Export Impute2 Genotype Probabilities
Impute2 input files require a genotype probability file per chromosome and a sample file. These files can also be used in most of the Wellcome Trust software programs including CHIAMO, HAPGEN, IMPUTE, SNPTEST and GTOOL (see Impute2 File Format) for more information on this format and these programs. The genotype probability file can take two names for markers, both a SNP ID and an RS ID. If there is only one identifier for the markers, the same identifier can be chosen for both fields. After selecting the identifiers from the marker map fields or column headers, the genotypes are converted into probabilities (probability for each genotype AA, AB, BB) with missing values getting a value of 0.333 for each genotype call. In the sample file, the row labels and row numbers are used for two different sample identifiers and the missing value rate is also included for each sample. The script and the documentation can be obtained from Export Impute2 Genotype Probabilities.
Note, other programs refer to this format as the “Oxford” format.
Export MACH PED_DAT Files
Both MaCH and Merlin take .ped and .dat files as inputs. This tool, takes a pedigree spreadsheet from SVS and exports it into the expected format for MaCH and Merlin. If a marker map is applied to the spreadsheet, the data can be exported into one file per chromosome. This is recommended as MaCH can crash if run on a dataset with too many markers. The script and the documentation can be obtained from Export MACH PED_DAT Files.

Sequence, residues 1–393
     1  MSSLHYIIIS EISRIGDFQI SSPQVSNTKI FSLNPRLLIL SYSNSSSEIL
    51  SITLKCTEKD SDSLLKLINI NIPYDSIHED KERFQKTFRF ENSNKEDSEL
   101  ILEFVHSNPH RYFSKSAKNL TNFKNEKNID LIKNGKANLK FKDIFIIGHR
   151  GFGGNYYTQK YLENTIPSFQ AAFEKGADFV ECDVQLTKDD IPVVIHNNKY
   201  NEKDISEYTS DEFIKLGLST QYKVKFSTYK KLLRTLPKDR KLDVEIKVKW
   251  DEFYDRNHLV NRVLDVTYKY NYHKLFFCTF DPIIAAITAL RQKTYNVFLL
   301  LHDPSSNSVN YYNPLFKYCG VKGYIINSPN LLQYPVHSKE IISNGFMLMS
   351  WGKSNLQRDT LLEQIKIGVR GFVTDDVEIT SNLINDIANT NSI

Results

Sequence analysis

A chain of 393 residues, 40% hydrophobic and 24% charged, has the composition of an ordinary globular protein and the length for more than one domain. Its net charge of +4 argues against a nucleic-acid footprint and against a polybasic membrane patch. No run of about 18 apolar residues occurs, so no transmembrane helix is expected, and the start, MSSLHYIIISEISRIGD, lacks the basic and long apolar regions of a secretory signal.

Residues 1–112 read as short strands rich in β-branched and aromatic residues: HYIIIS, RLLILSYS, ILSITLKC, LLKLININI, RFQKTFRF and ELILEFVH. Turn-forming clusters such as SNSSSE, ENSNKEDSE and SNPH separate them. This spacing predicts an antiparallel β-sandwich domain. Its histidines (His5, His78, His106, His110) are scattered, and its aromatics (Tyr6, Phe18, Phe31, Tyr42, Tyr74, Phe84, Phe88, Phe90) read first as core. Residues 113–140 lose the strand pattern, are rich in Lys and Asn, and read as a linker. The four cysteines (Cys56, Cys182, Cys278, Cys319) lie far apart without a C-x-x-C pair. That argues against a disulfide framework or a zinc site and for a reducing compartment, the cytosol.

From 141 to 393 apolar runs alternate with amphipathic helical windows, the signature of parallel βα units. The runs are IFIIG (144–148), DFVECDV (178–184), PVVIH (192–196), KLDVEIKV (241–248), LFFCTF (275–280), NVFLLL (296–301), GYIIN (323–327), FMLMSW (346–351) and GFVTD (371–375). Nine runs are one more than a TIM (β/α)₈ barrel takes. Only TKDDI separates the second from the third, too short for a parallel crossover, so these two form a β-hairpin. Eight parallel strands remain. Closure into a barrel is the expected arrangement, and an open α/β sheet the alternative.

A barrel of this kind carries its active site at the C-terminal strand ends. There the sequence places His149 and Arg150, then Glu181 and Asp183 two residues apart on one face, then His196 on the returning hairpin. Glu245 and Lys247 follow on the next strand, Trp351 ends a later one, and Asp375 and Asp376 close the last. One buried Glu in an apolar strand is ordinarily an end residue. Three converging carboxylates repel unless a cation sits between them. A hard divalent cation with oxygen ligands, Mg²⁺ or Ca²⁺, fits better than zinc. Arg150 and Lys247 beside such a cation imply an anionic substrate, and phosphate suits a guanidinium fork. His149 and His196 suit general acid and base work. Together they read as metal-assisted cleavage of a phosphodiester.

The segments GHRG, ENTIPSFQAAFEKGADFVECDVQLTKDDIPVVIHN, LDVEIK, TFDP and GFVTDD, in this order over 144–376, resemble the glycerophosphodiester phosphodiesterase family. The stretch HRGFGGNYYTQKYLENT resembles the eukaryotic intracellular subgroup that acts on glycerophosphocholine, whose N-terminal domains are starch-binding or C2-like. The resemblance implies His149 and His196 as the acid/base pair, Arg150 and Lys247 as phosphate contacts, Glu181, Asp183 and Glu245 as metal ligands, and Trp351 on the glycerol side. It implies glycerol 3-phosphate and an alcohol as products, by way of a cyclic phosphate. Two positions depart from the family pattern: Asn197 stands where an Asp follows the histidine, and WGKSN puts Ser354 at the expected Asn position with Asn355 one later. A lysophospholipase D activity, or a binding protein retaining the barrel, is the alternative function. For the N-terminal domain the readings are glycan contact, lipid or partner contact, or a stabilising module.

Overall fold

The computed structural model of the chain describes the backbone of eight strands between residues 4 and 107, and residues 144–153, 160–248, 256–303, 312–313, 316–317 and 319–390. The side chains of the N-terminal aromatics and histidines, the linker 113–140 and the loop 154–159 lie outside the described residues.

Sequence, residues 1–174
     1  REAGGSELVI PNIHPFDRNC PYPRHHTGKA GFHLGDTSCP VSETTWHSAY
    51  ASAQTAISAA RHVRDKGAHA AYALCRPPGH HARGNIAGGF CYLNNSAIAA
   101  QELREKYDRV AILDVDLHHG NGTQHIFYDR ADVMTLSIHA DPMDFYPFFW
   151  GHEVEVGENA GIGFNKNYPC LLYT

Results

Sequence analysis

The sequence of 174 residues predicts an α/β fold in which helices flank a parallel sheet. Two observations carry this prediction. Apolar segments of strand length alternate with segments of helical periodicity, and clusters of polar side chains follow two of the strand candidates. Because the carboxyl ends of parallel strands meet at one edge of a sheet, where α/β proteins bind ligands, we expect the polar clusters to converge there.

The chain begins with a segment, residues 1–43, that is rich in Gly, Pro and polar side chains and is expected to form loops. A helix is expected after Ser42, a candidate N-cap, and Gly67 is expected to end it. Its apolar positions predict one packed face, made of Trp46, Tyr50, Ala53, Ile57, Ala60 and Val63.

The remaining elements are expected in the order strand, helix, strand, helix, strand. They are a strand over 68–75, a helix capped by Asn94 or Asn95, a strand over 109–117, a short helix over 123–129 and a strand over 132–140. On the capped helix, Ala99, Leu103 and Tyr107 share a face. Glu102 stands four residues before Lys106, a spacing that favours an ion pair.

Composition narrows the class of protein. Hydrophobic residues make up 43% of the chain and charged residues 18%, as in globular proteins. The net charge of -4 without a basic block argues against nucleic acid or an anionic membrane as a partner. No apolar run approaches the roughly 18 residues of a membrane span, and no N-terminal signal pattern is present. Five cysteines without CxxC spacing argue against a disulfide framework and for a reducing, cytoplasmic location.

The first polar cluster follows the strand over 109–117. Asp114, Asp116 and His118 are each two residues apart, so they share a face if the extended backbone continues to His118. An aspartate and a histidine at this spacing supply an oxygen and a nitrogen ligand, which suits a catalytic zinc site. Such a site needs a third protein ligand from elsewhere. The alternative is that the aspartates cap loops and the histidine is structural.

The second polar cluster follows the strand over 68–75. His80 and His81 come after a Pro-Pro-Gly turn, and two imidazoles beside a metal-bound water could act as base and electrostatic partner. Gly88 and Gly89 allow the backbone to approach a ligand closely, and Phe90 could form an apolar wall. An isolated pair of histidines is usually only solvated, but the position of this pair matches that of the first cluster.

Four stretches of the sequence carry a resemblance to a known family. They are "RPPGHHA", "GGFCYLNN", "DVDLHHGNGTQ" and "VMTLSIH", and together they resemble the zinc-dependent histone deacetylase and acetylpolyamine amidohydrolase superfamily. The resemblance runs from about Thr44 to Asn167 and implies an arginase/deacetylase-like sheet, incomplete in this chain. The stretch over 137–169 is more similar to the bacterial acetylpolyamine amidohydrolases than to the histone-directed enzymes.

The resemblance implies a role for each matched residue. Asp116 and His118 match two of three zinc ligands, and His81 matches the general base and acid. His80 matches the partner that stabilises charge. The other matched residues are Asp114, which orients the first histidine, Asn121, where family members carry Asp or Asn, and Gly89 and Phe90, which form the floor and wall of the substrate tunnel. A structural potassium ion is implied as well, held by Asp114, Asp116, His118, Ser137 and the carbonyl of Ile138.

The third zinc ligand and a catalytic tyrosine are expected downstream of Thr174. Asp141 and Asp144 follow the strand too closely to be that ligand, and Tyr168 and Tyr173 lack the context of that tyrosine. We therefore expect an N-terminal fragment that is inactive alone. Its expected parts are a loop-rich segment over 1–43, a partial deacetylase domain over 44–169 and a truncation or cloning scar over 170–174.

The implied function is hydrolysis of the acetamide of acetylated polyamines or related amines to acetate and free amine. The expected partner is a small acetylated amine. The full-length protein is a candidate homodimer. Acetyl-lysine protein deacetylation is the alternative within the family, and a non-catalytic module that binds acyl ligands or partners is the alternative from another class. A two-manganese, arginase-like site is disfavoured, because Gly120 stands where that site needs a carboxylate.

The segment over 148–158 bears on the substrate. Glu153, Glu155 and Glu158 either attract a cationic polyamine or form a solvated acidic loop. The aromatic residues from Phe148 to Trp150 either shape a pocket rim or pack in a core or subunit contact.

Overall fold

Import Impute2 GWAS Files
Impute2 output files consist of one or more genotype probability files (usually one per chromosome) and a sample file. These are text files with extensions of *.gen and *.sample. Both the genotype calls and the dosage information can be imported using SVS’s Import Impute2 GWAS Files tool. This tool is shipped with the software and found in the Import menu. The file specifications can be found at: Impute2 File Format. Information about all of the import options can be found at: Importing Data: Impute2 GWAS Files.